Thursday, June 26, 2014

Denver Peeps, Part Four: The Coolest Peeps You're Ever Gonna Meet......


My posts are not necessarily  in chronological order, but it doesn't really matter. The stories are true. I felt as if Denver gave me a big welcoming hug upon my arrival.

Meet John Elway's new press secretary.  He had just arrived, and he was one of the first people I met when I started exploring. BTW - John Elway is a big local hero. I heard him being talked about constantly by locals and tourists and saw posters of him everywhere, including at the airport.  I'm dating myself, but I remember him being the nemesis of the Cleveland Browns back in the day of Bernie Kosar and Marty Schottenheimer. We almost made it to the Super Bowl, until the fumble heard around the world. I remember that fumble clearly. We all cried. That's when I gave up football......

Sorry, I digress.  So dude told me he just arrived because John Elway had been arrested and his services were needed to spin the story and repair John's image. Apparently he's a master spinner.

Yeah, dude was talking shit. But he was pleasant, funny and welcoming. He had twinkly eyes and a contagious smile and laugh.  And here's something funny:  he was clean.  In fact, this was something I noticed about the homeless and transients in general. They look nothing like the Cleveland or Akron transients. They are much cleaner, have better clothes, better shoes.

See what I mean?  This is Capital Hill.  There were people from a social agency passing out food, blankets, clothes, shoes, backpacks, water, etc.  I'll try to get you a pic from a soup line in Cleveland to give you a comparison.  I'll tell you what else was refreshing about Mr. Press Secretary. He didn't ask me for money. Of course, a lot of people asked me for money since I had the large neon sign on my forehead that said: TOURIST. But it's okay, I can handle myself. I'll have more to say about poverty in a subsequent post.

By the dollar store I met a couple of good ol' boys from Alabama (their expression, not mine). I wanted to pet the dude's puppy. I approached and gently asked if it was okay to put his pup - you never know pup might be in training. He said in a drawl, "Why sure lil lady, and thanks for asking."  He explained that people approach the pup without asking him first and she doesn't like that.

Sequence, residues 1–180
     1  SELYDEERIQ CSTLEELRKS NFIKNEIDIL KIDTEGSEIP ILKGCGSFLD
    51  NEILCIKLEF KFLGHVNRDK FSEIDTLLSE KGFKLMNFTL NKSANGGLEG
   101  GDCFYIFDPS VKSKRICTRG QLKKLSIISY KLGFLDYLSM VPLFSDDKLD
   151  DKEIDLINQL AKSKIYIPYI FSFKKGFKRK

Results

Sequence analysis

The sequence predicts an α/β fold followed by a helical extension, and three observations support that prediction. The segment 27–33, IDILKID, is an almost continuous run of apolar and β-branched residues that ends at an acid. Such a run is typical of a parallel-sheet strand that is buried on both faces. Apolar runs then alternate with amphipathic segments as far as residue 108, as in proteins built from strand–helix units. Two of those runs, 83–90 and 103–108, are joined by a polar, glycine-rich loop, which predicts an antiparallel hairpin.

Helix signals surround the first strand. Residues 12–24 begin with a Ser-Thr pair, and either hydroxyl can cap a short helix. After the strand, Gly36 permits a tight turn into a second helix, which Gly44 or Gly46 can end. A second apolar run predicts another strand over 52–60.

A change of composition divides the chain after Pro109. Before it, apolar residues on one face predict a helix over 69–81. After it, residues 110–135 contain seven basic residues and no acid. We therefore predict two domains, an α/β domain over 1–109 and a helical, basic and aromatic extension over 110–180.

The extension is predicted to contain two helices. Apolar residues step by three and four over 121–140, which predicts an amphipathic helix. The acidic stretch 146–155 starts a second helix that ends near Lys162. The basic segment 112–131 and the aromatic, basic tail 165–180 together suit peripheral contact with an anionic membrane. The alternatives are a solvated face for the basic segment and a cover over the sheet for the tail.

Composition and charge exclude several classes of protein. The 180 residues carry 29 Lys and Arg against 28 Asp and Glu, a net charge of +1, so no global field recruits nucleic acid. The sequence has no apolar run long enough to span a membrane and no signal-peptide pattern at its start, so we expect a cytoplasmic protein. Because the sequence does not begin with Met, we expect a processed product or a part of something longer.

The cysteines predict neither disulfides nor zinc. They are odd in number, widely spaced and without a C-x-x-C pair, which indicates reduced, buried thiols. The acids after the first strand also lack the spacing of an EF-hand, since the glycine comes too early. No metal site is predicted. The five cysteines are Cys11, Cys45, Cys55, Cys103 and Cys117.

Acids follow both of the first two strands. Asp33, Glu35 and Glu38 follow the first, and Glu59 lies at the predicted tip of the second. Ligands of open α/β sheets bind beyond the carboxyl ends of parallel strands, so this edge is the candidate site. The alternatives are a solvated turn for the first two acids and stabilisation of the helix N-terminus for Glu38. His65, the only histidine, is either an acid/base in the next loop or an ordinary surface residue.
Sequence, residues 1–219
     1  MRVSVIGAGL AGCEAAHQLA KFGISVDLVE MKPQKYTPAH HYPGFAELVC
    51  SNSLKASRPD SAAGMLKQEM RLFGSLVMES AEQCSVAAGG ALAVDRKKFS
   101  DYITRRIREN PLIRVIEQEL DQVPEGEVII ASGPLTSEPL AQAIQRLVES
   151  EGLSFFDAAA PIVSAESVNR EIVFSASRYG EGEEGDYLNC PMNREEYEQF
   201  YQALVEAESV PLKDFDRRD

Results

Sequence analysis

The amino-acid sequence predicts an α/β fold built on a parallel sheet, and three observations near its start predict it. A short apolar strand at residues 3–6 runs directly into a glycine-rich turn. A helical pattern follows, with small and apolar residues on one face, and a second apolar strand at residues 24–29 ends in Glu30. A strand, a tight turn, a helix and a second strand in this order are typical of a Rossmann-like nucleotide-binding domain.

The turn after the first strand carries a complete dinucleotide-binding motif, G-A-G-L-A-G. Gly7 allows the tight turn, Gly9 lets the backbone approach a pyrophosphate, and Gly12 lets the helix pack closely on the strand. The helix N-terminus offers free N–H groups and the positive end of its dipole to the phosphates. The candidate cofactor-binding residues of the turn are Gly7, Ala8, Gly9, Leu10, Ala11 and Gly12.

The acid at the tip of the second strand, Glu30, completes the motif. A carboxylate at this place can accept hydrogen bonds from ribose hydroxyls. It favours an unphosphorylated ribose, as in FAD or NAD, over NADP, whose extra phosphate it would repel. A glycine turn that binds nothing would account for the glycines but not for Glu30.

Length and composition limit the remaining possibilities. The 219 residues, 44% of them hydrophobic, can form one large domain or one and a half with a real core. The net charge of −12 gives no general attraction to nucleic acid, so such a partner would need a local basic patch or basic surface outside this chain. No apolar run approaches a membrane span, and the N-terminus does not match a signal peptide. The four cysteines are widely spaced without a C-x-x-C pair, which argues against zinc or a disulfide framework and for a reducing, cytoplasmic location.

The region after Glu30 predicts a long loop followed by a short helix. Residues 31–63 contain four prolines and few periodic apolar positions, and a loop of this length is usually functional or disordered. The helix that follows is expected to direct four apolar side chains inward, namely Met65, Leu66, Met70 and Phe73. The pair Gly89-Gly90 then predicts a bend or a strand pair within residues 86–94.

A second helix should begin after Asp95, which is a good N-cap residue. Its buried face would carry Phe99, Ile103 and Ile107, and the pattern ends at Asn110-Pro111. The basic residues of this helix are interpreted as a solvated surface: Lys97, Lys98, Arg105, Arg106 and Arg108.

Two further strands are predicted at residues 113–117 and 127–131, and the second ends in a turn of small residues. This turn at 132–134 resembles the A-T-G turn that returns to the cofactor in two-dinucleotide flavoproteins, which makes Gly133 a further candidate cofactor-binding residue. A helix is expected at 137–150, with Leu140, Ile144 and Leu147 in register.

This guy had the most riveting eyes I've ever seen. He told me he and his buddy had hopped a train from Alabama (I wish I had recorded his voice for you to hear). He said they had no choice. There were no jobs. Alabama (like Ohio) is broke so there's no welfare. He told me he was strong as an ox and wanted to work and that he found an agency like Minute Men, except they don't take a cut of the workers' pay. It's more like a social agency. He also said he doesn't like to give people money unless he can see they are trying to help themselves. Heard that.

I had nothing but mad respect for him. He said he and his dude hopped a train. Slept in the woods at night, and the pup alerted him if any one approached. We talked little about the myths the wealthy like to perpetuate:  1. The Safety Net.  No such thing, doesn't exist.  2. The Free Ride. Again, this is bullshit, it doesn't exist. and 3. That people are lazy and don't want to work.  Also bullshit.  See also post below where I talk about the guy who was putting scrap metal in his car. He's been accused of being lazy.

He told me, hey you do what you gotta do and for a young, strong buck like him that means going where the opportunity is.